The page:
In its comments on the agency report, FreeAlliance challenges the evaluation of its proposal under PWS § 3.4.2 on the basis that it interpreted the RFP to have “asked for a technician, not services.”  Comments at 5, n.5.  FreeAlliance further argues that the agency’s position that the RFP contemplated “services rather than staff is either a post hoc rationalization for departing from the terms of the Solicitation or an admission that the Solicitation was latently ambiguous to its needs.”  Id.

We find no merit to either allegation.  The RFP expressly required offerors to propose “a sound technical approach” as to “how the offeror will fulfill each requirement in the PWS.  RFP at 138 (emphasis added).  As a result, in addition to providing a lead technician to staff the requirement, offerors needed to articulate how that technician would complete, or supervise the completion of, the work areas under PWS § 3.4.2.  See PWS § 3.4.2, at 28-29.  Moreover, the contemporaneous record demonstrates that the agency evaluated FreeAlliance’s proposal consistent with this understanding of the RFP’s requirements.  See AR, Tab 5, Technical Evaluation Report, at 2-3.   

FreeAlliance also challenges the evaluation of its technical approach under PWS § 3.5.1, which sought administrative support in processing IT equipment for disposal.  The agency found that the firm failed to demonstrate an adequate technical approach to this requirement because it proposed services that existed in the predecessor contract that were not contemplated by the current PWS.  AR, Tab 5, Technical Evaluation Report, at 3.  The Army determined that the protester’s proposal reflected a lack of understanding of the requirements of the administrative support required by PWS § 3.5.1.  Id.

FreeAlliance alleges that the agency’s rationale is unreasonable because the services it offered under PWS § 3.5.1 exceeded the agency’s requirements and added value.  Protest at 11-12.  We find that FreeAlliance’s argument amounts simply to disagreement with the evaluation and is insufficient to establish that the agency’s evaluation was unreasonable.  Ben-Mar Enters., Inc., B-295781, Apr. 7, 2005, 2005 CPD ¶ 68 at 7.  In its response to PWS § 3.5.1, FreeAlliance’s proposal neither distinguished nor denoted that some of the services it was offering were “in excess” of the solicitation’s requirements.  From the agency’s perspective, FreeAlliance proposed a package of services, some of which were requirements of the predecessor contract, without a discernable appreciation for the services that were contemplated by the RFP at issue here.  As a result, we find the agency reasonably determined that the inclusion of work responsive to the predecessor contract raised questions about FreeAlliance’s understanding of the services contemplated in the PWS.[2]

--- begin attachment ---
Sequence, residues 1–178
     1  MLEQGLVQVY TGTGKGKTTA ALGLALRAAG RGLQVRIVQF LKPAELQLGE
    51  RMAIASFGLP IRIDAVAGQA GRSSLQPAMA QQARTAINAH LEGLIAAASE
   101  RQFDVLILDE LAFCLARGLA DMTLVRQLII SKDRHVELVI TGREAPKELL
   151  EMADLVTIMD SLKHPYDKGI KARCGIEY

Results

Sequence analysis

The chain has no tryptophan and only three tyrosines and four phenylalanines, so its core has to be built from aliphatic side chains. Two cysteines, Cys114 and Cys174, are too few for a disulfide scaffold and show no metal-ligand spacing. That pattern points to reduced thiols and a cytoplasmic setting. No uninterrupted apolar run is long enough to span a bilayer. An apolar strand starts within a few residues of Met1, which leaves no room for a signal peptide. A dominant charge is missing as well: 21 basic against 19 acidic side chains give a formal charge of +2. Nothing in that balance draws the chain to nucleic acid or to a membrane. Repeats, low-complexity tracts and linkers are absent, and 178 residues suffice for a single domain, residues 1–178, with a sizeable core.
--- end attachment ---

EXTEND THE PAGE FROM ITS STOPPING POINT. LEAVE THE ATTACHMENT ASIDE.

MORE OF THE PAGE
Finally, FreeAlliance contends that, even if the agency reasonably found its proposal lacking under PWS §§ 3.4.2 and 3.5.1, it was unreasonable for the agency to find its proposal technically unacceptable based on the identification of two “minor” flaws. Protest at 12-13.  Again, we find this to be only disagreement with the agency’s judgment and this, alone, is insufficient to establish that the agency’s evaluation was unreasonable.  Ben-Mar Enters, supra, at 7.  While FreeAlliance may deem these inadequacies to be “minor,” such disagreement provides no basis to question the agency’s conclusion that the proposal’s failure to satisfy the requirements of  PWS §§ 3.4.2 and 3.5.1 rendered it unacceptable, and ineligible for award.  Accordingly, we find the agency’s award decision was reasonable and consistent with the terms of the solicitation.

The protest is denied.

Susan A. Poling
General Counsel



[1] FreeAlliance also initially argued that the Army evaluated offerors unequally.  Protest at 13.  The firm asserted that while the Army “required perfection by FreeAlliance,” it held Kupono to a lower standard when evaluating its technical proposal because, it alleged, Kupono lacks experience in providing the services contemplated by the solicitation, did not meet the solicitation requirements, and lacks relevant past performance.  Id.  We granted the Army’s request for partial dismissal on this ground for failure to state a legally and factually sufficient basis.  Email from GAO to Parties, May 12, 2017, 2:41PM; see 4 C.F.R. § 21.1(c)(4).  We also note that the protester raised other collateral arguments not discussed in this decision.  We have reviewed all of the allegations and conclude that none provide a basis to sustain the protest.

[2] The Army notes that FreeAlliance failed to describe how it would satisfy PWS § 3.5.1’s requirement to track and process excess IT equipment.  AR, Tab 2, COS at 4.  Although this rationale does not appear in the contemporaneous record, and accordingly we afford it less weight, Boeing Sikorsky Airfact Support, B-277263.2,B-277263.3, Sept. 29, 1997, 97-2 CPD ¶ 91 at 15, it is consistent with the RFP and contemporaneous record and provides an additional basis for the Army’s conclusion under PWS § 3.5.1.

Dec 13, 2017

Dec 12, 2017

Dec 11, 2017

Dec 8, 2017

Looking for more? Browse all our products here